Considering all of the twists and turns in the case of Drew Peterson – who was convicted of murdering his third wife, Kathleen Savio, in 2012 and is suspected of killing his fourth wife, Stacy Ann Cales Peterson, who mysteriously disappeared in 2007 — it’s no surprise that the former Illinois police officer attempted to lash out at one of the main players responsible for putting him in prison. As the Washington Post reported in 2016, Peterson apparently attempted to hire a hitman in order to take out attorney James Glasgow, the main prosecutor who landed him in jail. After he was convicted of his wife’s murder, Peterson threatened Glasgow directly, per WaPo, warning Glasgow to “never forget my face” as the trial concluded, a threat Peterson himself would later try to make good on.
Nearly two years later, Peterson’s plot was foiled after a jailhouse informant told authorities of his plans, and later was able to get evidence on tape after he wore a wire, recording a conversation with Peterson in which the convicted murderer saying as much. But considering that any typical murder-for-hire involves a bonafide monetary transaction, what exactly did Peterson plan on using for payment? And does he have a net worth to begin with, considering his almost guaranteed lifetime prison sentence? Read on down below to find out more.
Drew Peterson is worth zero dollars … technically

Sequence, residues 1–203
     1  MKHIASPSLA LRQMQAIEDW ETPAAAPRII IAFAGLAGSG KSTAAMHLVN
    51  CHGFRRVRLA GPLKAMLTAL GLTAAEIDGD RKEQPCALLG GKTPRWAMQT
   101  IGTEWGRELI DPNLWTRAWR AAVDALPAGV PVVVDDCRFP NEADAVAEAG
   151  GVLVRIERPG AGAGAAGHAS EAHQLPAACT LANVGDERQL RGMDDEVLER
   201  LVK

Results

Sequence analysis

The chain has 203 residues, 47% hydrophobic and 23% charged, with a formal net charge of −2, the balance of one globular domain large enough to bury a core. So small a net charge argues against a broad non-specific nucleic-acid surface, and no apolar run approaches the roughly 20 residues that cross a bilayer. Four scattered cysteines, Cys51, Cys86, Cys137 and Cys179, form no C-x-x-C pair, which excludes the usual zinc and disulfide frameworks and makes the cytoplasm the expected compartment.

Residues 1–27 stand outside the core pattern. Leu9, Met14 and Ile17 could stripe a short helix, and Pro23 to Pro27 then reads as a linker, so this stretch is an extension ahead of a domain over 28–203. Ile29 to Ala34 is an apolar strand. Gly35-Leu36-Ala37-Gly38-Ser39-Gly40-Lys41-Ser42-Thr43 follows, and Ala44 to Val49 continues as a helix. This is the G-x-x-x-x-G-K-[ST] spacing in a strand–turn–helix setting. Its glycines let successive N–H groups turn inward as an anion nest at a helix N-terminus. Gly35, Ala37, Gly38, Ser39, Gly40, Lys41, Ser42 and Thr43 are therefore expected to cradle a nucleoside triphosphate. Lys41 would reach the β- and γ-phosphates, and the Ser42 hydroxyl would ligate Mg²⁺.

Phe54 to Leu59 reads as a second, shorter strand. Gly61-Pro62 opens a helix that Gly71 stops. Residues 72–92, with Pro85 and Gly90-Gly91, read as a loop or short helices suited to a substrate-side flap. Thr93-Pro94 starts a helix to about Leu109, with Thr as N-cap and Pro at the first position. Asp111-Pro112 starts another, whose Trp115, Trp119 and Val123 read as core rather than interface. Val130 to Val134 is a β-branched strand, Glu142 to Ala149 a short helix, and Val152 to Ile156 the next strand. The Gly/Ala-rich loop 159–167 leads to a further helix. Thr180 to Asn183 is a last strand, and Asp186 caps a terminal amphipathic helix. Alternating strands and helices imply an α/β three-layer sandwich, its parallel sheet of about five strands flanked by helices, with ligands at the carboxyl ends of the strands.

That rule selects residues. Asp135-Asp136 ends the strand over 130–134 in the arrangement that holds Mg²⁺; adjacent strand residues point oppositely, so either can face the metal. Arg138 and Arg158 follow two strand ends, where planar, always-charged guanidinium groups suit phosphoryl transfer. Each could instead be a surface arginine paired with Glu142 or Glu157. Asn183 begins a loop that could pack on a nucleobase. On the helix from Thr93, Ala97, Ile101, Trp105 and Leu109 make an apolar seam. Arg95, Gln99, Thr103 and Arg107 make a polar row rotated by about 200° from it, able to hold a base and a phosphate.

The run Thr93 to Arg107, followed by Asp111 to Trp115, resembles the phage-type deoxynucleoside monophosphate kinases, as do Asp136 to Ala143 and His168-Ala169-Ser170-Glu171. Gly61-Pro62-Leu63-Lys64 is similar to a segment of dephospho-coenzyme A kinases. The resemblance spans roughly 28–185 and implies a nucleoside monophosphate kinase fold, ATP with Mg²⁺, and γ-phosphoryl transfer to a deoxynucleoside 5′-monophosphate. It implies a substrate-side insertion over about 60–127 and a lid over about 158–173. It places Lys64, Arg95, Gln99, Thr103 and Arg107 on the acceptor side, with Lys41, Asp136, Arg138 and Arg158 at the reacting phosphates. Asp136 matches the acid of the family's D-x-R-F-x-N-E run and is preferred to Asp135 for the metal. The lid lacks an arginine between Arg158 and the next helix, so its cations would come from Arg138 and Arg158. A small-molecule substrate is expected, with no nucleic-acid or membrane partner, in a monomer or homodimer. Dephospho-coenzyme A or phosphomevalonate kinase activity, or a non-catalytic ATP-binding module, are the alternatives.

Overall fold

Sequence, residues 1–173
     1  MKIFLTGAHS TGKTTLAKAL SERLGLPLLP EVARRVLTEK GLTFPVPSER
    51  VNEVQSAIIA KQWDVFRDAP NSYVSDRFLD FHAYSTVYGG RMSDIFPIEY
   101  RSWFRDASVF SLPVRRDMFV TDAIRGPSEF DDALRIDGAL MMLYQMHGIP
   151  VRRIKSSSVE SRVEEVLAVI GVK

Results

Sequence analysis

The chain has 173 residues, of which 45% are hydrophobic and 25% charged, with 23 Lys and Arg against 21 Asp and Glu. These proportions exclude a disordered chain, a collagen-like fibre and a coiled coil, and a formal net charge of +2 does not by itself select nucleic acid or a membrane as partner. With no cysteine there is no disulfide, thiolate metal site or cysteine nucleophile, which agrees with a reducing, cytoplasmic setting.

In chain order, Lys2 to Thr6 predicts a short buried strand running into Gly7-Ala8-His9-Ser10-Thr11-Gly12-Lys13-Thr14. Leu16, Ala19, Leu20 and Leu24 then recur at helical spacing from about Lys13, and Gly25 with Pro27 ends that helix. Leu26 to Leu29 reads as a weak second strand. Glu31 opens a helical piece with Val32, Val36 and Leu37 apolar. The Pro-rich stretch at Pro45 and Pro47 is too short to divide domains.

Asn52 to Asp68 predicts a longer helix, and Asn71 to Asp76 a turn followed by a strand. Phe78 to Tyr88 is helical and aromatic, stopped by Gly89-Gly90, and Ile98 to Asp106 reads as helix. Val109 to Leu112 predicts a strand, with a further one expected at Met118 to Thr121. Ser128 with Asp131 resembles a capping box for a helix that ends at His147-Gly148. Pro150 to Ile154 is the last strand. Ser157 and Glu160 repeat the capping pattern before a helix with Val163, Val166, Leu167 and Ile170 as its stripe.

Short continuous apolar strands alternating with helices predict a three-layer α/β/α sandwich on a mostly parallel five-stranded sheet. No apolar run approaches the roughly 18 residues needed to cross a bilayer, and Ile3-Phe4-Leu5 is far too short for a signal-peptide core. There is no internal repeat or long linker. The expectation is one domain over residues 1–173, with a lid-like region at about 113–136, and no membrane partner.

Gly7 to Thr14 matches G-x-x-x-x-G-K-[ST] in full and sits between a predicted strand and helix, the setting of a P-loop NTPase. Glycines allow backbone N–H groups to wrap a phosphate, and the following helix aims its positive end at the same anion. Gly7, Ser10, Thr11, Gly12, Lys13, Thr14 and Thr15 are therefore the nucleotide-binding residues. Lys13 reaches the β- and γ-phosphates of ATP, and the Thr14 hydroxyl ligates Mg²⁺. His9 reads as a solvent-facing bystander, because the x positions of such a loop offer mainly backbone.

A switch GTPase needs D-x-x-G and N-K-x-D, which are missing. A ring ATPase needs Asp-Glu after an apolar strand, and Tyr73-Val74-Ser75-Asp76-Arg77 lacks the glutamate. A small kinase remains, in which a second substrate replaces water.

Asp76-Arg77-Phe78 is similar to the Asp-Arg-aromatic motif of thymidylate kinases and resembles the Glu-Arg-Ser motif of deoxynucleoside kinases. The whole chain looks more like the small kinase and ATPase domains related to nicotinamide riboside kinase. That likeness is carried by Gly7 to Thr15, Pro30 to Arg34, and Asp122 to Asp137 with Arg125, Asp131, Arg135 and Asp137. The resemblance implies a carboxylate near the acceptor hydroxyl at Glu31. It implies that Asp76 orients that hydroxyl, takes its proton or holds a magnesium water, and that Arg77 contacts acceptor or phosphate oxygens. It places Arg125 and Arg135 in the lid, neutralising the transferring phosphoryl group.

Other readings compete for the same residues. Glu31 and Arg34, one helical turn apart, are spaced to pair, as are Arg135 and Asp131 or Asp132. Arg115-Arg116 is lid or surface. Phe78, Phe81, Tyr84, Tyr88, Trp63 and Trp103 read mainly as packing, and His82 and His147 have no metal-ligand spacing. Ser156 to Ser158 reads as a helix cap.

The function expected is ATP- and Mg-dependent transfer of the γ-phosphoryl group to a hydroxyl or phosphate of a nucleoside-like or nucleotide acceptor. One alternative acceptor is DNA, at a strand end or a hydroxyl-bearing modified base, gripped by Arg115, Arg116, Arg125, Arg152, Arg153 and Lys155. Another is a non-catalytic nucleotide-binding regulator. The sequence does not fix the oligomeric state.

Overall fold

According to the Associated Press, Drew Peterson’s murder-for-hire plan to kill off Chicago prosecutor James Glasgow involved a promise from Peterson to pay his potential hitman a total of $10,000 for the job. As the media outlet noted, Peterson told Antonio “Beast” Smith — the inmate he solicited for the attempt on Glasgow’s life (and who later became an informant for the prosecution and wore a wire to record Peterson’s dealings) — that the payout would come from money Peterson was purportedly “owed.”
Per AP, Peterson’s rage at Glasgow wasn’t only contained to his role as the prosecutor who convinced a jury of his guilt; it also had to with the fact that Peterson held the lawyer responsible for the possible loss of his $79,000 annual tax-free pension as a former police officer, and for the loss of his son Stephen’s job as a member of the Oak Brook police force, also located in Illinois. (It is unclear as to whether Peterson would have paid a would-be assassin the designated fee from a restored pension if his plan worked but that may be the case.)
And as for Drew Peterson’s actual net worth? Surprisingly, a number of sites estimate that it’s anywhere in the range of $19 million to $25 million — which, as a prisoner, he is ostensibly unable to access directly.
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